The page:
It was discovered that MCRs involving 3-amino-1,2,4-triazole or 5-amino-1H-pyrazole-4-carbonitrile with aromatic aldehydes and pyruvic acid or its esters under ultrasonication led to the formation of 4,5,6,7-tetrahydroazolo[1,5-a]pyrimidines 4a–u (Scheme 4) containing an azolylamino substituent in the 7-position via an unusual pseudo four-component reaction, rather than two heterocycles of the types V–X (Scheme 2). It should be noted that such a type of MCR, giving previously undescribed 7-azolylamino-substituted tetrahydroazolopyrimidines, is reported for the first time herein.
Thus, using 2 equivalents of 5-aminopyrazole-4-carbonitrile 1a/b in MCRs with aromatic aldehydes 2a–c and pyruvic acid (3a) in acetic acid at room temperature under ultrasonication for 90 min gave 3-cyano-7-((4-cyano-1H-pyrazol-5-yl)amino)-5-aryl-4,5,6,7-tetrahydropyrazolo[1,5-a]pyrimidine-7-carboxylic acids 4a–c. There is also the possibility of applying ethyl pyruvate (3b) instead of pyruvic acid as a reactant in the reaction with 3-substituted-5-aminopyrazole-4-carbonitriles (R = H, CH3) 1a/b and aromatic aldehydes 2a–f (ultrasonication in acetic acid at room temperature for 120 min). In this case, the corresponding ethyl 3-cyano-7-((4-cyano-3-substituted-1H-pyrazol-5-yl)amino)-2-substituted-5-aryl-4,5,6,7-tetrahydropyrazolo[1,5-a]pyrimidine-7-carboxylates (substituents = H, CH3) 4d–o were isolated in 45–80% yields (Scheme 4, Table 1).
Table 1: Synthesis of compounds 4a–u.
|starting material||US reaction time (min)||product||yield (%)|
The same products were isolated while carrying out this reaction in acetic acid at room temperature with intensive stirring instead of ultrasonic irradiation. However, the reaction time had to be increased to 24 h, and the yields and purity of the compounds 4 decreased (as seen via TLC and NMR analysis), obviously due to the worse homogenization and mass transfer compared to ultrasonication.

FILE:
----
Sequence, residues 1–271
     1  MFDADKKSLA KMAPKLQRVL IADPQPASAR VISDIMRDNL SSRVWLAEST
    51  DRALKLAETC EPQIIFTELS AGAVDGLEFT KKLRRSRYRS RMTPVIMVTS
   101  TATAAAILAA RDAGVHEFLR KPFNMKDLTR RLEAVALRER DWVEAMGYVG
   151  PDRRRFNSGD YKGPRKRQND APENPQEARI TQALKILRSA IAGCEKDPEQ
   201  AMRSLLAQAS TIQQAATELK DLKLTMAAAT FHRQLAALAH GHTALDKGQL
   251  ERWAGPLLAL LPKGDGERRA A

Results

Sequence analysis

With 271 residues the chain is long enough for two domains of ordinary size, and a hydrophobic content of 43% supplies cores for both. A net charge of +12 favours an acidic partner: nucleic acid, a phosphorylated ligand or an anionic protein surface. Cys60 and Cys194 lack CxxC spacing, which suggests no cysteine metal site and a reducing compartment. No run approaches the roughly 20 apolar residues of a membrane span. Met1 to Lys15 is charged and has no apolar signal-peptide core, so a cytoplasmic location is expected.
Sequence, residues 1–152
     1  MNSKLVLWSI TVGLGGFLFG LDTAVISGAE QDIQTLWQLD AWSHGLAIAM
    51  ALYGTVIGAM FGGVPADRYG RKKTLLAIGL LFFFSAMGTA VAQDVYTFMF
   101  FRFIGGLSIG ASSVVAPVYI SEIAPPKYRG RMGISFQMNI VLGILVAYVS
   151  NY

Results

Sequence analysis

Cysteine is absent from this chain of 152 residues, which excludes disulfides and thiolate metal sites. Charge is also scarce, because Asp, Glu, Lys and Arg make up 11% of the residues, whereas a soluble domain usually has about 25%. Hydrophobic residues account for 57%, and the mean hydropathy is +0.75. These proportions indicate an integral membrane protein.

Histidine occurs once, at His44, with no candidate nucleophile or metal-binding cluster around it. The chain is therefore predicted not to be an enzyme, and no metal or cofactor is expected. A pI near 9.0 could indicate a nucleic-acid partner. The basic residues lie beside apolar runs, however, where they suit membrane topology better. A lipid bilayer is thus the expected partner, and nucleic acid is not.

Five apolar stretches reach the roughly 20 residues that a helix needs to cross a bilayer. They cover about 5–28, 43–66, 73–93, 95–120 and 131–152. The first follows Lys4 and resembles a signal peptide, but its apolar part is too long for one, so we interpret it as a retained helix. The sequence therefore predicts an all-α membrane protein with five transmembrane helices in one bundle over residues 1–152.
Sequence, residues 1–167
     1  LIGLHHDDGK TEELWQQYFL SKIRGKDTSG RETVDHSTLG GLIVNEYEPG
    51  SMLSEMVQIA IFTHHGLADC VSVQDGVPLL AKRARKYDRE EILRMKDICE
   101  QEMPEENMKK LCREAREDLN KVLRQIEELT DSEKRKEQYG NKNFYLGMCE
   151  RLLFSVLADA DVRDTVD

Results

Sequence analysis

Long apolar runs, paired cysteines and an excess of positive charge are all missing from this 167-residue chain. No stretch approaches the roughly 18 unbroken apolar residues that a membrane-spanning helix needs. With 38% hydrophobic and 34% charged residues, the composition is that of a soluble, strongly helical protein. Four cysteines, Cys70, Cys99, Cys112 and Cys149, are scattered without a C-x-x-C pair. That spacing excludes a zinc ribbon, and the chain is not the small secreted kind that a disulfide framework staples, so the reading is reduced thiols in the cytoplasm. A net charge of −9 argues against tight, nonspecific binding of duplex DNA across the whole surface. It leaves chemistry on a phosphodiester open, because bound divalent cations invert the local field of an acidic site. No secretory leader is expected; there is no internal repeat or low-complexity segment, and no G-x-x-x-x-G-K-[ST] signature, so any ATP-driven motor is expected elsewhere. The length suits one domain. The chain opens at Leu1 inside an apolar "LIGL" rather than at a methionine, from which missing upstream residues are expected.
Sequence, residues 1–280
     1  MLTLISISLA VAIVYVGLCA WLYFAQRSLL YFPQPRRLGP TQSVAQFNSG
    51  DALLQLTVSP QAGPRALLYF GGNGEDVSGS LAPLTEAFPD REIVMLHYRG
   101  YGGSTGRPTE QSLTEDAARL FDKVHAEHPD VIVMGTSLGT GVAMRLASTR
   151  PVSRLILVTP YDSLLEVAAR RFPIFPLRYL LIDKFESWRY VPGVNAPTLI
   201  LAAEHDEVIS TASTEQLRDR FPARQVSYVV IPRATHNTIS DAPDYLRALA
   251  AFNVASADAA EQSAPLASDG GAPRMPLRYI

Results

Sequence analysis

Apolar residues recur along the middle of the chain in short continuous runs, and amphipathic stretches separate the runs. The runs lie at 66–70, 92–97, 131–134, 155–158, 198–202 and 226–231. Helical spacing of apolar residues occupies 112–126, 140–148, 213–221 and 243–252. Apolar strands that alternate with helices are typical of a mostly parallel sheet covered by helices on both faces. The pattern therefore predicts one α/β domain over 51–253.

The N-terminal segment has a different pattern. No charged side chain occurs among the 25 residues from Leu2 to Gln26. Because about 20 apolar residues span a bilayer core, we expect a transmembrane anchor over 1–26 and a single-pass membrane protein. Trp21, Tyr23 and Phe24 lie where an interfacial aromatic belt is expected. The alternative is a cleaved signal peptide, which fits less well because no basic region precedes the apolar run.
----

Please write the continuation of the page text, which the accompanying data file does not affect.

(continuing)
Literature data [17,26,27,33-35] indicates that 5-aminopyrazoles bearing an electron-withdrawing substituent in the 4-position, such as a carbonitrile group, often behave similar to 3-amino-1,2,4-triazole; therefore, we studied the latter under the same reaction conditions. We showed that the pseudo four-component heterocyclization of two equivalents of 3-amino-1,2,4-triazole (1c) with aromatic aldehydes 2a–f and pyruvic acid (3a) carried out in acetic acid at a room temperature under ultrasonication for 120 min gave 7-((1H-1,2,4-triazol-5-yl)amino)-5-aryl-4,5,6,7-tetrahydro[1,2,4]triazolo[1,5-a]pyrimidine-7-carboxylic acids 4p–u in 34–76% yields (Scheme 4). In contrast to pyrazolyl-substituted pyrazolo[1,5-a]pyrimidine-7-carboxylic acids 4d–o, triazolyl-substituted derivatives 4p–u were unstable in protic solvents in the presence of water, and especially upon increasing the temperature gradually transformed into 7-hydroxytriazolo[1,5-a]pyrimidines 5a–f, which had been obtained earlier  by the three-component reaction of starting materials 1c, 2a–f, and 3a (HOAc, 65 °C, 48 h). This instability complicated the isolation and characterization of the heterocycles 4p–u. The condensation of compounds 1c, 2a–f, and 3a in dry DMF under otherwise identical conditions was a way to avoid the rapid conversion of triazolyl derivatives 4p–u into 7-hydroxytriazolo[1,5-a]pyrimidines 5a–f and to isolate the heterocycles 4p–u, but in lower yields in comparison to the reaction in acetic acid.